The $10 million winning Grand Rapids high school
I recently had a chance to visit the Grand Rapids Public Museum School. Quite impressive. Clearly the folks at the XQ: The Super School Project thought so too. They chose the school as one of ten winners of $10 million. XQ’s mission is “to remake America’s high schools for today”.
Both websites are worth exploring. They give you a sense of what high schools should look like for all kids.
XQ wants to stimulate the recreation of American high schools to build skills needed in a world where what humans will be asked to do is being constantly reshaped by smarter and smarter machines. The capacities they want to build are:
- MASTERS OF ALL FUNDAMENTAL LITERACIES : Proficient in academic core subjects such as math and languages, to prepare them for college, career, and life.
- HOLDERS OF FOUNDATIONAL KNOWLEDGE : Curious about the world and engaged in a more just and functional democracy.
- ORIGINAL THINKERS FOR AN UNCERTAIN WORLD: Sense-makers and generative thinkers, creating many ideas in ambiguous and new situations.
- LEARNERS FOR LIFE: Self-driven and self-directed — inventors of their own paths, careers and lives.
- GENEROUS COLLABORATORS FOR TOUGH PROBLEMS: Self-aware team members who respect diversity and diverse points of view.
The Museum School is located in the Grand Rapids Public Museum and is a partnership between the museum, Grand Valley State University, Kendall College of Art & Design/Ferris State University, City of Grand Rapids, and Downtown Grand Rapids Inc. It will ultimately serve grades 6-12. Its open to all Grand Rapids students chosen by lottery. Its not a test-in school.
What makes the school special is its design. The principal told me they designed the school backwards from the skills they thought students would need to be successful in life and work in 2050. Wow! That’s exactly the perspective we need in designing schools. Thinking about what capacities today’s kids will need over a lifetime in a world which is going to be constantly transformed by smarter and smarter machines increasingly able to do what humans do today.
The answer they came up with is far beyond what is on the standardized tests that dominate how our schools are designed today. They have designed the school around creativity, curiosity and collaboration.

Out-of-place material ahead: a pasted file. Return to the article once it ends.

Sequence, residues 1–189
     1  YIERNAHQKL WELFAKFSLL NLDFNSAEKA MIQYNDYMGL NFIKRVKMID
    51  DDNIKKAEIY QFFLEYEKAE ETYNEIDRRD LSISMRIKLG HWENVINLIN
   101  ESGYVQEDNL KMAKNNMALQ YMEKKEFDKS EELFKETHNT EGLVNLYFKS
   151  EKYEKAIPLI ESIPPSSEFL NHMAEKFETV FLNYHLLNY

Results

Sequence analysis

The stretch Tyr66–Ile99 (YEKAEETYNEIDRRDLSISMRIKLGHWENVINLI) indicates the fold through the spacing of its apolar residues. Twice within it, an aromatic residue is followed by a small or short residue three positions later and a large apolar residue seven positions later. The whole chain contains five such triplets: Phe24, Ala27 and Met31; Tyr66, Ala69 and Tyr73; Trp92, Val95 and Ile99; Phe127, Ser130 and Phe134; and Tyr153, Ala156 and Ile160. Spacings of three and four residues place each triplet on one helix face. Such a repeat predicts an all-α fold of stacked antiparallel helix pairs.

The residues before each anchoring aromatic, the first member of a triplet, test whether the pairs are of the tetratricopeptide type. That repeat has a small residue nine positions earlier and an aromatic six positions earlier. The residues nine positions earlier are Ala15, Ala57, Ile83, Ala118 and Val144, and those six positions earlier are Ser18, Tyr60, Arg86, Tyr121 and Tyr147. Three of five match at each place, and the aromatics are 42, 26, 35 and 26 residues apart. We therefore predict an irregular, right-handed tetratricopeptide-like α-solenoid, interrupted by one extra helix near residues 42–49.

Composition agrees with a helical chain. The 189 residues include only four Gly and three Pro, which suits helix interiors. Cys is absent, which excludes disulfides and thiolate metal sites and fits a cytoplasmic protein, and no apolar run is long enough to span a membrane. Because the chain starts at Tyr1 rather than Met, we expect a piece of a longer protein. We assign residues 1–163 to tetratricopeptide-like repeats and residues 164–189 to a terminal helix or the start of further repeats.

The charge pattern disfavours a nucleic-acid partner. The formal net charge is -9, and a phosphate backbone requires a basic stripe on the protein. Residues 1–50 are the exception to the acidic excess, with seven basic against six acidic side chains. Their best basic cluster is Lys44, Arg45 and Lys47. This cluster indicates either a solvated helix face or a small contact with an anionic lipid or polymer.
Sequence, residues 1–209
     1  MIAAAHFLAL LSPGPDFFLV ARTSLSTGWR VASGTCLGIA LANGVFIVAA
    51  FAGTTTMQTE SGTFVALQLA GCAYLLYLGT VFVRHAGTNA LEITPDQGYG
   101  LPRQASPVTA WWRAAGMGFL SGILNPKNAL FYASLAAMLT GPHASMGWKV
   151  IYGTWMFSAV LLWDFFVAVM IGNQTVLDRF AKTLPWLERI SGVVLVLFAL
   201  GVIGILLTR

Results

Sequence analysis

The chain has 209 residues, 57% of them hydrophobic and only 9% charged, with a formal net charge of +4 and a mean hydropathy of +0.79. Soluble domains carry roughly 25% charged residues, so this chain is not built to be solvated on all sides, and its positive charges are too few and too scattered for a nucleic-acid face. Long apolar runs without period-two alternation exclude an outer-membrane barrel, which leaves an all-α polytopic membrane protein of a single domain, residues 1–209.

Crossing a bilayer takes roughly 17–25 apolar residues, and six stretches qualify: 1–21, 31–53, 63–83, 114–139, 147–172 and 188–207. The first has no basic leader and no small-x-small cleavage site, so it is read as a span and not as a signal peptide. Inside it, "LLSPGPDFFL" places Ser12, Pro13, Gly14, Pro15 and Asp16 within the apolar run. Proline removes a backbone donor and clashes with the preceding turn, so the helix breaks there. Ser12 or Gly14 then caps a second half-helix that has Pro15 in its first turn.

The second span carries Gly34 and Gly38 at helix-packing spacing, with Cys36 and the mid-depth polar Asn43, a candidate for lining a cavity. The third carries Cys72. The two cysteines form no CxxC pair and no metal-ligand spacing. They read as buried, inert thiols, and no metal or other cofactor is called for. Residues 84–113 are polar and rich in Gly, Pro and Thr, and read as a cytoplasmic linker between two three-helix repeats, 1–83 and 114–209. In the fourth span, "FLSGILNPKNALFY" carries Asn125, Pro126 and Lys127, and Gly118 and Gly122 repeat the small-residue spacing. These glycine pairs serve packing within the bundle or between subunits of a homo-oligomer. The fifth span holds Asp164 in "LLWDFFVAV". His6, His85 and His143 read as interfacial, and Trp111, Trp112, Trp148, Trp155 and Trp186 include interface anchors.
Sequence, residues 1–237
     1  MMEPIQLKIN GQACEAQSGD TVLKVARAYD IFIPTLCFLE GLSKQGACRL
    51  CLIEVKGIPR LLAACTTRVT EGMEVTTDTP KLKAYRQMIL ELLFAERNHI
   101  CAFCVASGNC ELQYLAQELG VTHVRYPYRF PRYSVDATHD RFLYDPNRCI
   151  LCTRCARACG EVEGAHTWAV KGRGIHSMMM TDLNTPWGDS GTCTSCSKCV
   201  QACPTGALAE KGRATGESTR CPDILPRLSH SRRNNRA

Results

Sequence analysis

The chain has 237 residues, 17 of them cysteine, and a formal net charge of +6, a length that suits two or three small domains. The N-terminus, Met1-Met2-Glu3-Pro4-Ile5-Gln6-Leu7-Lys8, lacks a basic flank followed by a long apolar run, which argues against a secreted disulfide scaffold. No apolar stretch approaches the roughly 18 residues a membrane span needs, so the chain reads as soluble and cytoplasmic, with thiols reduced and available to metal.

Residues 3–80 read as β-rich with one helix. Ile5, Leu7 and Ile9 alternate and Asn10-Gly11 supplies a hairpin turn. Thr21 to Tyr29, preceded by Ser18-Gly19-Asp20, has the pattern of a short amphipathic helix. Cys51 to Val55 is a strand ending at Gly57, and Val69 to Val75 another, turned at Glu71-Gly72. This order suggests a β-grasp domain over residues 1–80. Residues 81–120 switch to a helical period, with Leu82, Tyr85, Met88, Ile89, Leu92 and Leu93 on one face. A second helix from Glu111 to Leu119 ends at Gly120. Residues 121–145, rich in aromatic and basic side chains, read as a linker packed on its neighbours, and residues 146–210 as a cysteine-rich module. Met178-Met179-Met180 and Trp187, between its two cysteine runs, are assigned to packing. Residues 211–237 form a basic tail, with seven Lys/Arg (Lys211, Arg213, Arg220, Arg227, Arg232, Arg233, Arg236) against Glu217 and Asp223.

You can see why XQ chose them as one of only ten grant winners out of 700 national applicants.
The folks behind both the Museum School and XQ: The Super School Project understand, unlike far too many educators, policymakers and business leaders, is that schooling needs to be fundamentally redesigned to build broad skills rather than just narrow content skills that are on the test or skills specific to an occupation. The reason why so many high school graduates are not ready for either college or career is predominantly what schooling is designed to achieve, not execution. Yes we need schools that are executed better. But better execution of the current design will still leave far too many high school graduates not ready to succeed either in college or career.
The Museum School has defined the foundation skills needed for life and career success as creativity, curiosity and collaboration. XQ has defined them as masters of all fundamental literacies; holders of foundational knowledge; original thinkers for an uncertain world; learners for life and generous collaborators for tough problems.
At Michigan Future we believe the 6Cs from the book Becoming Brilliant define the skill set that all kids need:
- critical thinking
Each definition requires fundamental change in what we teach (curriculum) and how we teach (pedagogy).
Its far past the time when we should have rethought high school––actually all schooling. As the XQ folks say: “We’ve gone from the Model T to the Tesla and from the switchboard to the smartphone. Yet high school has remained frozen in time.” That needs to change quick.
This Post Has 2 Comments
Hi Lou. I was quite taken with the school articles you shared this time. Being a former educated I wish I knew more about this when I was in the classroom and administration. I will pass it on to others. Dean
Great. Thanks. We need a real conversation about education design. What student outcomes are we trying to achieve? And what is the curriculum and pedagogy that best can build those skills/capacities? Clearly its more that what is on the test. The book we think best delineates what skills we will need to succeed in a world of smarter and smarter machines is Becoming Brilliant. I would recommend that all education leaders read it.